This is a book by Richard Barksdale Harwell. It’s a compilation of primary source material that allows us to hear directly from the people who lived through the Civil War and lets them tell the story of the war.
Most of the entries are contemporaneous documents or accounts, such as letters, orders, and in one very interesting case, the “Address of the Legislative Assembly of New Mexico: Manifesto of the Council and House of Representatives to the Inhabitants of the Territory of New Mexico” which says, “Without any fault or even offense of yours, your honor and property, your families and children are now in peril, by an enemy you have not injured, and whose invasion of the peace, security, and integrity of your soil and homes, you have not provoked. This enemy is Teas and the Texans. With their hostile armed regiments, rebels to the Government of the United States, to whose protection and flag, our good faith, our duties, our confidence, interests and hopes turn and belong, they have come upon us, in violation of every principle of right, of justice and friendship.” [p. 77] The manifesto identifies the cause of the conflict: “We are a free people, and our fathers ever abhorred negro slaves and slavery.–Our enemies found their rebellion upon pretences [sic] touching the negro, negro slaves and slavery. They have set up their rebel organization upon those elements, and boast in the face of a Christian world, of their skill and wisdom in building upon such foundations. We have condemned, and put slavery from among our laws. It is not congenial with our history, our feelings or interests. The marauders come to destroy our enactments, and force upon us by the cannon and rifle, slave institutions, against our will, protests and tastes.” [p. 79]
Another interesting document is the “Memorial of the Public Meeting of the Christian Men of Chicago To His Excellency, Abraham Lincoln, President of the United States,” from September 7, 1862. In the memorial, they say, “We claim, then, that the war is a Divine retribution upon our land for its manifold sins, and especially for the crime of oppression, against which the denunciations of God’s Word are so numerous and pointed. The American nation, in this its judgment-hour, must acknowledge that the cry of the slave, unheeded by man, has been heard by God and answered in this terrible visitation. … The slave oligarchy has organized the most unnatural, perfidious and formidable rebellion known to history. It has professedly established an independent government on the avowed basis of slavery, admitting that the Federal Union was constituted to conserve and promote liberty. All but four of the slave states have seceded from the Union, and those four (with the exception of Delaware, in which slavery but nominally exists) have been kept in subjection only by overwhelming military force. Can we doubt that this is a Divine retribution for national sin, in which our crime has justly shaped our punishment? Proceeding upon this belief, which recent events have made it almost atheism to deny, your memorialists avow their solemn conviction, deepening every hour, that there can be no deliverance from Divine judgments till slavery ceases in the land. We cannot expect God to save a nation that clings to its sin.” [pp. 150-151]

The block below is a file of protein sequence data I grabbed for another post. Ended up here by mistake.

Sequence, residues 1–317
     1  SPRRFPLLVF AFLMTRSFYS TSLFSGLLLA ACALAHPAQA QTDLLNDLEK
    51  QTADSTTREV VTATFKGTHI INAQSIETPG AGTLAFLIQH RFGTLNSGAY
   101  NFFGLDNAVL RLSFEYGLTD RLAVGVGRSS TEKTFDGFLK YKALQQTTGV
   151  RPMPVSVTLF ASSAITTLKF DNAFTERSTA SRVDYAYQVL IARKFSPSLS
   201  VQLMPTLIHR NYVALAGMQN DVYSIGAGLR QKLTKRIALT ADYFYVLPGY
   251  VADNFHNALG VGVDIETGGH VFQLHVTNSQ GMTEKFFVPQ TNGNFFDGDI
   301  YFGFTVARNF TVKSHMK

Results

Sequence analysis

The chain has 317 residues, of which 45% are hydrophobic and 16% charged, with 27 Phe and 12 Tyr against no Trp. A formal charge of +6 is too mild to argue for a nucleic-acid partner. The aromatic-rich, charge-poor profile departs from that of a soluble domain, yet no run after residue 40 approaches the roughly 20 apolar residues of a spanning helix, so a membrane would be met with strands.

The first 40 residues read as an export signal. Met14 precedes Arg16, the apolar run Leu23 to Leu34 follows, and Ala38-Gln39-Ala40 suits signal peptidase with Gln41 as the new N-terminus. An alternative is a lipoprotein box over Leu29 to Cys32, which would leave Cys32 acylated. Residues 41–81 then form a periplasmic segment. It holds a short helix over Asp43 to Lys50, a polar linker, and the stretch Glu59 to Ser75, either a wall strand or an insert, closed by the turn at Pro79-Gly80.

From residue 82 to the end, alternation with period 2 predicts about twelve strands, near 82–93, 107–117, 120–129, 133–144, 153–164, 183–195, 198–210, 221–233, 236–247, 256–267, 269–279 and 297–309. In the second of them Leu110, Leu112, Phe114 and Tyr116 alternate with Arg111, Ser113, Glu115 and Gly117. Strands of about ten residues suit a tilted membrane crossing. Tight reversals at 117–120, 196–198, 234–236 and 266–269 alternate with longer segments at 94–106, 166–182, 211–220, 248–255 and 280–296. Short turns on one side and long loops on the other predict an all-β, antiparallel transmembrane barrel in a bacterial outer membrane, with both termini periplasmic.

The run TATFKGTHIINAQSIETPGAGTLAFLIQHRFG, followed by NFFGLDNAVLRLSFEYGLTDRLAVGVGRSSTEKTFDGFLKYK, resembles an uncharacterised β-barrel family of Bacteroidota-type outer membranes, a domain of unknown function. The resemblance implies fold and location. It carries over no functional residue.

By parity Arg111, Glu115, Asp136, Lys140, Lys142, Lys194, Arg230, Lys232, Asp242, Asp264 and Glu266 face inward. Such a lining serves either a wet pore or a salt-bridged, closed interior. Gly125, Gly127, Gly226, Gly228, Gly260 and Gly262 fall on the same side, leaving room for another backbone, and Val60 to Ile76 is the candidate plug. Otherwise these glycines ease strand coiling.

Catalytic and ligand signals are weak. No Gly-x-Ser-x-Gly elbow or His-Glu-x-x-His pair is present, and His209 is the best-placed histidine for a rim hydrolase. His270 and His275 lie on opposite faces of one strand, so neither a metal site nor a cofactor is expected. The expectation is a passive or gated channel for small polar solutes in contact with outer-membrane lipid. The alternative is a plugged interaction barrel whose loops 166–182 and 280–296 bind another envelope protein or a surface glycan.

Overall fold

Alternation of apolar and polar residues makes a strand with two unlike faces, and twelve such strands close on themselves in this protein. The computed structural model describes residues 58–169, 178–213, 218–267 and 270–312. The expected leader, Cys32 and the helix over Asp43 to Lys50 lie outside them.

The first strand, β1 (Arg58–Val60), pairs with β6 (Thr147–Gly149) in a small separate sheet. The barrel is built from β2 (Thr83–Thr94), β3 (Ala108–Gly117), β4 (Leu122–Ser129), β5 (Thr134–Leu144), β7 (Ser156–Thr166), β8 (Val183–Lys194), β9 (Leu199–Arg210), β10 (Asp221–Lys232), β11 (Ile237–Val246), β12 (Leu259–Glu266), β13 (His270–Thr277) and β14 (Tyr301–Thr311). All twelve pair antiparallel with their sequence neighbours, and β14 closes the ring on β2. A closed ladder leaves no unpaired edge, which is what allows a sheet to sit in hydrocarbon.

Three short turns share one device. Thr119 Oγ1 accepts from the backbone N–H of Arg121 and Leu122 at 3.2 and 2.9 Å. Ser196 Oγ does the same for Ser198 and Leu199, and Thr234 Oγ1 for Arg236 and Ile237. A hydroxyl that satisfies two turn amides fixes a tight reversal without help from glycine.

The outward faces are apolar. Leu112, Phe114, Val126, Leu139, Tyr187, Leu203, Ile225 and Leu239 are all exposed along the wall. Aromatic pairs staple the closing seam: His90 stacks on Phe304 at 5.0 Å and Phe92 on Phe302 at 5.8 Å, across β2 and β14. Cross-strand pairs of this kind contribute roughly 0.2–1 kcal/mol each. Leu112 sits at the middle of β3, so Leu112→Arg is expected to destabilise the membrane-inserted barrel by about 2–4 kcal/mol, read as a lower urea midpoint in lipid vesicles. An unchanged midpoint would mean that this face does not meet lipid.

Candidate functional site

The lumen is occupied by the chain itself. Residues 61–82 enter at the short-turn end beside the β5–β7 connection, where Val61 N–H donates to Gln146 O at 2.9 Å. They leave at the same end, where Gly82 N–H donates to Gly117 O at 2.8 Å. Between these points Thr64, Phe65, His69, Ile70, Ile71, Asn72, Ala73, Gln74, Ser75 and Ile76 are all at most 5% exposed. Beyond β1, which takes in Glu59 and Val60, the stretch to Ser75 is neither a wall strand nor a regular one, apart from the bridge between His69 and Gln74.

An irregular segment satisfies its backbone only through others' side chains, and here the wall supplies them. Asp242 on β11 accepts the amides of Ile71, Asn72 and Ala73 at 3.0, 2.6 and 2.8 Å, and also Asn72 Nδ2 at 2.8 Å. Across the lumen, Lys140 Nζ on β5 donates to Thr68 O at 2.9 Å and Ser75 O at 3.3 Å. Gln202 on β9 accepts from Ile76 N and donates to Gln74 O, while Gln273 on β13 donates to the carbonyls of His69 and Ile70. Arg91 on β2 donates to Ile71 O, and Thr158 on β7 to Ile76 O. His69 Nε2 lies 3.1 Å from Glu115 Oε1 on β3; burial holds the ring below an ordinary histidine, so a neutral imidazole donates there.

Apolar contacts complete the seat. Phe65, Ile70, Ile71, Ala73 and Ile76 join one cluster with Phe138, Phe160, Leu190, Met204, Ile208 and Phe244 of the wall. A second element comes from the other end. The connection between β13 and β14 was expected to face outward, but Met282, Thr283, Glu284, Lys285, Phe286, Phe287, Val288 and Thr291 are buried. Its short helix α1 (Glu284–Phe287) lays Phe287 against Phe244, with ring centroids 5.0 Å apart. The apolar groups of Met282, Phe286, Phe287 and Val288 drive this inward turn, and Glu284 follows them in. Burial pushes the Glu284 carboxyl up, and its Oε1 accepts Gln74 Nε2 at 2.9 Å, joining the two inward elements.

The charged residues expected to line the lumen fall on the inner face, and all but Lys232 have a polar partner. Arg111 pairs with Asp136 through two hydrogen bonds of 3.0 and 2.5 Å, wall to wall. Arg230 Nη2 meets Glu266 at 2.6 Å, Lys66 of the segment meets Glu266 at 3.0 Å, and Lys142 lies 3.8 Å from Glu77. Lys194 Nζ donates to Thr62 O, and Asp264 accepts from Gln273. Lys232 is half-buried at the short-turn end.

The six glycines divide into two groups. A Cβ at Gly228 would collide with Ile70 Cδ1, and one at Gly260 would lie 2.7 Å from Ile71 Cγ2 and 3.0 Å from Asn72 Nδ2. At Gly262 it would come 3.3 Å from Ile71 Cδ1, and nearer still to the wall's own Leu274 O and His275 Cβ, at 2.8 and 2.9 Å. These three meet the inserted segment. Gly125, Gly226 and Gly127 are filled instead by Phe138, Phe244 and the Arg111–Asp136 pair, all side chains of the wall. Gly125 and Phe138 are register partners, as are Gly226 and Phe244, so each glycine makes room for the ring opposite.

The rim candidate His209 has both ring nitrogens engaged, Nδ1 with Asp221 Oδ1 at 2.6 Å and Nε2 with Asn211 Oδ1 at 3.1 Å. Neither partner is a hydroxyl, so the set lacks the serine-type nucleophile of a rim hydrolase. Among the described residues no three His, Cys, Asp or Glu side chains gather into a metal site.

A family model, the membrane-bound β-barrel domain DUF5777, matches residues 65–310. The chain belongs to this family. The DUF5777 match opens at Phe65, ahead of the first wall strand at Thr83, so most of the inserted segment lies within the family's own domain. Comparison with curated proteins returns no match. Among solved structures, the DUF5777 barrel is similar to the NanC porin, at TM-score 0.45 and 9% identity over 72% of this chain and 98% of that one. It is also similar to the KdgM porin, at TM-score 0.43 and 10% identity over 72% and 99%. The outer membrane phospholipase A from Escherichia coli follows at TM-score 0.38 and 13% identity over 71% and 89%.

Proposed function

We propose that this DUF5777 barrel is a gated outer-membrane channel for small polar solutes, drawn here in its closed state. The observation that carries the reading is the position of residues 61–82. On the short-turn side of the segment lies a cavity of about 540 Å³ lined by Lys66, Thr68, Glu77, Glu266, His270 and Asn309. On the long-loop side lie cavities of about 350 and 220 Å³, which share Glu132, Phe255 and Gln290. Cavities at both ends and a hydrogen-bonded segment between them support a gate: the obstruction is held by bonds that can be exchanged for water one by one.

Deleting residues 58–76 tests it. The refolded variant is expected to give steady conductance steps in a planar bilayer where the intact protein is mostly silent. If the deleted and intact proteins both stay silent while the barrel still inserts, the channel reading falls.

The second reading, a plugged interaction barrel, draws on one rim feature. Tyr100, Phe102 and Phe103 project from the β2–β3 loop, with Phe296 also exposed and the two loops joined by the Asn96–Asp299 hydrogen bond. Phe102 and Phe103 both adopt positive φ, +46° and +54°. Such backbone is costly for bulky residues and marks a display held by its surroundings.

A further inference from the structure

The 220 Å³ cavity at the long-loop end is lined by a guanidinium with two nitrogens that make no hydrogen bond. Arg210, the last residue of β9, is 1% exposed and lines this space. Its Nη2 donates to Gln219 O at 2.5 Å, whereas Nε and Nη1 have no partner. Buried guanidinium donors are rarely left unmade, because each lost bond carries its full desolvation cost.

The book reproduces “The Diary of a Lady of Gettysburg, Pennsylvania, fro June 15 t.o July 15, 1863.” The July 2 entry reads, in part, “Of course we had no rest last night. Part of the time we watched the Rebels rob the house opposite. The family had left some time during the day, and the robbers must have gotten all they left in the house. They went from the garret to the cellar, and loading u p the plunder in a large four-horse wagon, drove it off. I expected every minute that they would burst in our door, but they did not come near us. It was a beautiful moonlight night, and we could see all they did.” [p. 232]